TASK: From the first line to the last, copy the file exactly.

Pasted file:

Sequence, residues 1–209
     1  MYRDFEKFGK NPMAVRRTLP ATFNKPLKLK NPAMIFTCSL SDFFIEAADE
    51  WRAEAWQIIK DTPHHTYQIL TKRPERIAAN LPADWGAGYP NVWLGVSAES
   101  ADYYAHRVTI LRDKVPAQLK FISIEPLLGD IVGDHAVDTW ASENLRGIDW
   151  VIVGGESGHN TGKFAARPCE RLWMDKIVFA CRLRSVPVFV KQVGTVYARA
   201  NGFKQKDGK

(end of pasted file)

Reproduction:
Sequence, residues 1–209
     1  MYRDFEKFGK NPMAVRRTLP ATFNKPLKLK NPAMIFTCSL SDFFIEAADE
    51  WRAEAWQIIK DTPHHTYQIL TKRPERIAAN LPADWGAGYP NVWLGVSAES
   101  ADYYAHRVTI LRDKVPAQLK FISIEPLLGD IVGDHAVDTW ASENLRGIDW
   151  VIVGGESGHN TGKFAARPCE RLWMDKIVFA CRLRSVPVFV KQVGTVYARA
   201  NGFKQKDGK